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Plum, M.A.

Paper Title Page
MOPD41 Impact of Uncaught Foil-Stripped Electrons in the Spallation Neutron Source Ring 156
  • S.M. Cousineau, J.A. Holmes, M.A. Plum
    ORNL, Oak Ridge, Tennessee
  • W. Lu
    ORNL RAD, Oak Ridge, Tennessee

We use the ORBIT particle tracking code to simulate the propagation of 545 keV electrons stripped from 1 GeV H- ions during injection into the Spallation Neutron Source accumulator ring. The electrons propagate in the field of the injection magnet and are subject to scattering at the bottom surface when they are not caught by the electron catcher in the design fashion. The scattered electrons have the potential to intercept and damage local hardware. We model the non-caught electrons and compare our simulated results with experimental observations.

TUO2B03 SNS Injection Foil Experience 334
  • M.A. Plum, S.M. Cousineau, J. Galambos, S.-H. Kim, P. Ladd, Y. Polsky, R.W. Shaw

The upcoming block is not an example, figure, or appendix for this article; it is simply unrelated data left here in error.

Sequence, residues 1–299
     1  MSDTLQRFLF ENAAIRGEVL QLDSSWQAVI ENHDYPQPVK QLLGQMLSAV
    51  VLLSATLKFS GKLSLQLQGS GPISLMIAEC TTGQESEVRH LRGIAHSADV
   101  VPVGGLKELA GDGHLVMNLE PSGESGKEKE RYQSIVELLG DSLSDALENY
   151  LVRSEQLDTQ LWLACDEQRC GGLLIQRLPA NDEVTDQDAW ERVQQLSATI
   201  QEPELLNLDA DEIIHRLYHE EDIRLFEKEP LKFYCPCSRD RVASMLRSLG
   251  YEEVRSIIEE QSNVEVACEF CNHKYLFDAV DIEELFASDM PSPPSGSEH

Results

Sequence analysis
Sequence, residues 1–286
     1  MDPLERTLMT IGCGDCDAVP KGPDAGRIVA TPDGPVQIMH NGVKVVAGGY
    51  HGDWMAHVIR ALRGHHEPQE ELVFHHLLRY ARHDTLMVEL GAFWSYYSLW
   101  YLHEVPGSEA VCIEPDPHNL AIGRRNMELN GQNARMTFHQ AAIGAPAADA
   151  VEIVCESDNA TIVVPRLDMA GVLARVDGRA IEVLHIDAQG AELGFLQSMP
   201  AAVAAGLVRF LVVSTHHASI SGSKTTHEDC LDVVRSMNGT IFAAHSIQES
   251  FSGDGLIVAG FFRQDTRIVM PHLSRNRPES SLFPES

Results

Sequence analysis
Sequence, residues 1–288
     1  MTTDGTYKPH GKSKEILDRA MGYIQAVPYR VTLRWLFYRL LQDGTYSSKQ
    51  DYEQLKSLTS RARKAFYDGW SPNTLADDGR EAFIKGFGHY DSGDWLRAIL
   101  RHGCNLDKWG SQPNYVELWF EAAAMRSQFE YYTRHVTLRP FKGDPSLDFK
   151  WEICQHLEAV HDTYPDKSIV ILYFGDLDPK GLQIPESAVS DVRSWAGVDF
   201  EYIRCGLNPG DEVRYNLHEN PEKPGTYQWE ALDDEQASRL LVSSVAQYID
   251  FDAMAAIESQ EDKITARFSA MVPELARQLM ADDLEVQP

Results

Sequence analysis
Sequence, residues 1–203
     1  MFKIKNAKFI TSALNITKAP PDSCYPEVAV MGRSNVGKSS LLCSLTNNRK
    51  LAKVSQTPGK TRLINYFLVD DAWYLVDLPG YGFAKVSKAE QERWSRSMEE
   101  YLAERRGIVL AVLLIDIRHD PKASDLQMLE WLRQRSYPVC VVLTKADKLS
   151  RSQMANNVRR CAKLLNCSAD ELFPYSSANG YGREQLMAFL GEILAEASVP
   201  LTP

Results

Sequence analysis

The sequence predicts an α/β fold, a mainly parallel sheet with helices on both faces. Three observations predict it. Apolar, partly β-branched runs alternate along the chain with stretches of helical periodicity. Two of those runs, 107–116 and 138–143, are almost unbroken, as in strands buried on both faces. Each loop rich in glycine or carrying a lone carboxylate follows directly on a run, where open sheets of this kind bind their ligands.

ORNL, Oak Ridge, Tennessee
  • C.F. Luck, C.C. Peters
    ORNL RAD, Oak Ridge, Tennessee
  • R.J. Macek
    LANL, Los Alamos, New Mexico
  • D. Raparia
    BNL, Upton, Long Island, New York

The Spallation Neutron Source comprises a 1 GeV, 1.4 MW linear accelerator followed by an accumulator ring and a liquid mercury target. To manage the beam loss caused by the H0 excited states created during the H− charge exchange injection into the accumulator ring, the stripper foil is located inside one of the chicane dipoles. This has some interesting consequences that were not fully appreciated until the beam power reached about 840 kW. One consequence was sudden failure of the stripper foil system due to convoy electrons stripped from the incoming H− beam, which circled around to strike the foil bracket and cause bracket failure. Another consequence is that convoy electrons can reflect back up from the electron catcher and contribute to foil and bracket failure. An additional contributor to foil system failure is vacuum breakdown due to the charge developed on the foil by secondary electron emission. In this paper we will detail these and other interesting failure mechanisms, and describe the improvements we have made to mitigate them.


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